In our feature First Response, we highlight the local men and women who are first at the scene in times of need. Greg Bikowski is a paramedic for Athens County Emergency Medical Services and an adjunct faculty member in the Hocking College Emergency Response Lab.

What got you into being a paramedic?

Becoming a paramedic was an interest that I had since I was a young kid. The 1970’s show “Emergency” had a lot to do with it. As an adult, I began to work in community service. What better job is there for community service?

Do you have any other family that are also first responders?

My father was a firefighter in South Bend, Ind. for 36 years. I grew up around the fire department and knew from an early age, because of him, what it meant to be a first responder.

Do you do any other work as a first responder besides being a paramedic?

I am an adjunct faculty member at Hocking College where I teach in the Emergency Response Lab. I also teach for the Hocking College Paramedic Program where I work as an instructor in the student’s clinical setting at O’Bleness Hospital.

What do you like best about your job?

What I like best is the constantly changing environment. You never know what the day holds for you or what type of scene you’ll respond to. There is a wide variety of types of calls that ACEMS gets. We respond to both medical emergencies and traumatic injuries. There is no “typical” day. Every shift is a different experience. The bottom line though, is knowing that you made a difference for someone’s life.

What are the challenges of your job?

There are many challenges in my job. The first thing we always do is make sure that we are safe. We never really know until we arrive on scene what the situation might be. That’s the first challenge. Secondly, it’s always a challenge to manage a stressful situation in a stranger’s home, business or on the side of the road. Good patient care is always the focus, but there is always family, friends or bystanders that have to be dealt with. EMS is a changing profession. There are new medications, new equipment, new protocols that have be constantly learned and managed. Getting the right training and using your skills appropriately is always a challenge.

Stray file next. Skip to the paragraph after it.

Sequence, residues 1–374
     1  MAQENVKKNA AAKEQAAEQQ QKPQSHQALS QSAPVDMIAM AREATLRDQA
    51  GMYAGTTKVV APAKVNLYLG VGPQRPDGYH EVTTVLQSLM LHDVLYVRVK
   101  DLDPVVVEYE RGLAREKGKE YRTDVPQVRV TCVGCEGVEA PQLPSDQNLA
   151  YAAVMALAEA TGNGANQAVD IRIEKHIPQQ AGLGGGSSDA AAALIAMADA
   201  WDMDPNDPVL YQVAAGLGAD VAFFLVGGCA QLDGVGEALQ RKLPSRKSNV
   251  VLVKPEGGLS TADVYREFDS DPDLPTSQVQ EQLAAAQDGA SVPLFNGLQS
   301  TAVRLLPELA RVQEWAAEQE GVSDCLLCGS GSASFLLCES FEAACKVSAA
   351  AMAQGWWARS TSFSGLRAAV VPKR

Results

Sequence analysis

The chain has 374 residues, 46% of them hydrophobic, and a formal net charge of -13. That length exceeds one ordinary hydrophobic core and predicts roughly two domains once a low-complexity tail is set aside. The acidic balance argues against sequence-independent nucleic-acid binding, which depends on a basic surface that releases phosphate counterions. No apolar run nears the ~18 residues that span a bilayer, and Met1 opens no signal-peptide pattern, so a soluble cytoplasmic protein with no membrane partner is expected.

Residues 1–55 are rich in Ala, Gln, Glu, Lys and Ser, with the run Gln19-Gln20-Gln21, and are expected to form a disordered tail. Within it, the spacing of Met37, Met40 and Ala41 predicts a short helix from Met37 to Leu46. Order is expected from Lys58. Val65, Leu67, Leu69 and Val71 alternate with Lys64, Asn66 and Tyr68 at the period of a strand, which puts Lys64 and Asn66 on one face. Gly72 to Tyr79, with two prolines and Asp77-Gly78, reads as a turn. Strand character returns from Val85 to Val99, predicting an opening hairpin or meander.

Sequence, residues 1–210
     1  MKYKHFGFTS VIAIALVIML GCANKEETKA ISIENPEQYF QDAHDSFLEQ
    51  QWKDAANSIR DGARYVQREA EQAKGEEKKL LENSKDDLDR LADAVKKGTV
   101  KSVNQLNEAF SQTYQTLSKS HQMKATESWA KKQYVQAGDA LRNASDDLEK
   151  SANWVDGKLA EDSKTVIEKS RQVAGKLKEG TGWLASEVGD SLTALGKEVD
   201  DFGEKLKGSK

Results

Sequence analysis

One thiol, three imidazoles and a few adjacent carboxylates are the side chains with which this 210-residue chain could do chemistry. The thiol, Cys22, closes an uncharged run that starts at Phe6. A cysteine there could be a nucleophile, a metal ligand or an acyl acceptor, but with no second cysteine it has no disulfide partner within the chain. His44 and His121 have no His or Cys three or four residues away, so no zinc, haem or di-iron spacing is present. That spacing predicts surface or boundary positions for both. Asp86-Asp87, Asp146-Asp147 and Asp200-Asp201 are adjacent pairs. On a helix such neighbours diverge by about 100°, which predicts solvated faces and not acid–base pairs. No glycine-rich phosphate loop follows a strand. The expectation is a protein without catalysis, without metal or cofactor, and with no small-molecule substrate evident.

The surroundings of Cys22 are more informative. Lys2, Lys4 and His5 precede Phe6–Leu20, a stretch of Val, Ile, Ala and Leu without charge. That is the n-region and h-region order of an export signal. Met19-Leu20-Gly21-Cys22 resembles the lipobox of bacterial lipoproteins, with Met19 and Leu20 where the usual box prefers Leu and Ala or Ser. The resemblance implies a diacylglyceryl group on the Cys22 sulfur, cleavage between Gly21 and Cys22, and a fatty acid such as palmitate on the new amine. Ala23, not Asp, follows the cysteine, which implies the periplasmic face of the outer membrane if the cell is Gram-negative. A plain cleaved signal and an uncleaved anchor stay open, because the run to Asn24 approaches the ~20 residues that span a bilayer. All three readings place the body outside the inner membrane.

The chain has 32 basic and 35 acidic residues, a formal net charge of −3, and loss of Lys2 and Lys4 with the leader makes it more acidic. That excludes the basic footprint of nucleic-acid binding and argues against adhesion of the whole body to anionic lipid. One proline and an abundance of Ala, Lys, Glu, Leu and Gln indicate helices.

What other types of jobs have you had in your life?

I’ve had a number of other occupations before settling in on EMS as a career. I was a teacher for a couple of years in Colorado and Minnesota. I was a Peace Corps Volunteer in El Salvador where I worked in Water and Sanitation and Health Education. I worked in community development or a few years around Athens. I was a graduate student at OU and worked as a Teaching Assistant and Graduate Assistant.

What do you do when you’re not working?

When not working, I’m out and about with my two boys at soccer, music lessons, or just living life. Kayaking, biking, running, it’s all good. I’m a musician, so you can quite often catch me playing music out somewhere too.

stebben@athensmessenger.com;

Twitter @SusanTmessenger

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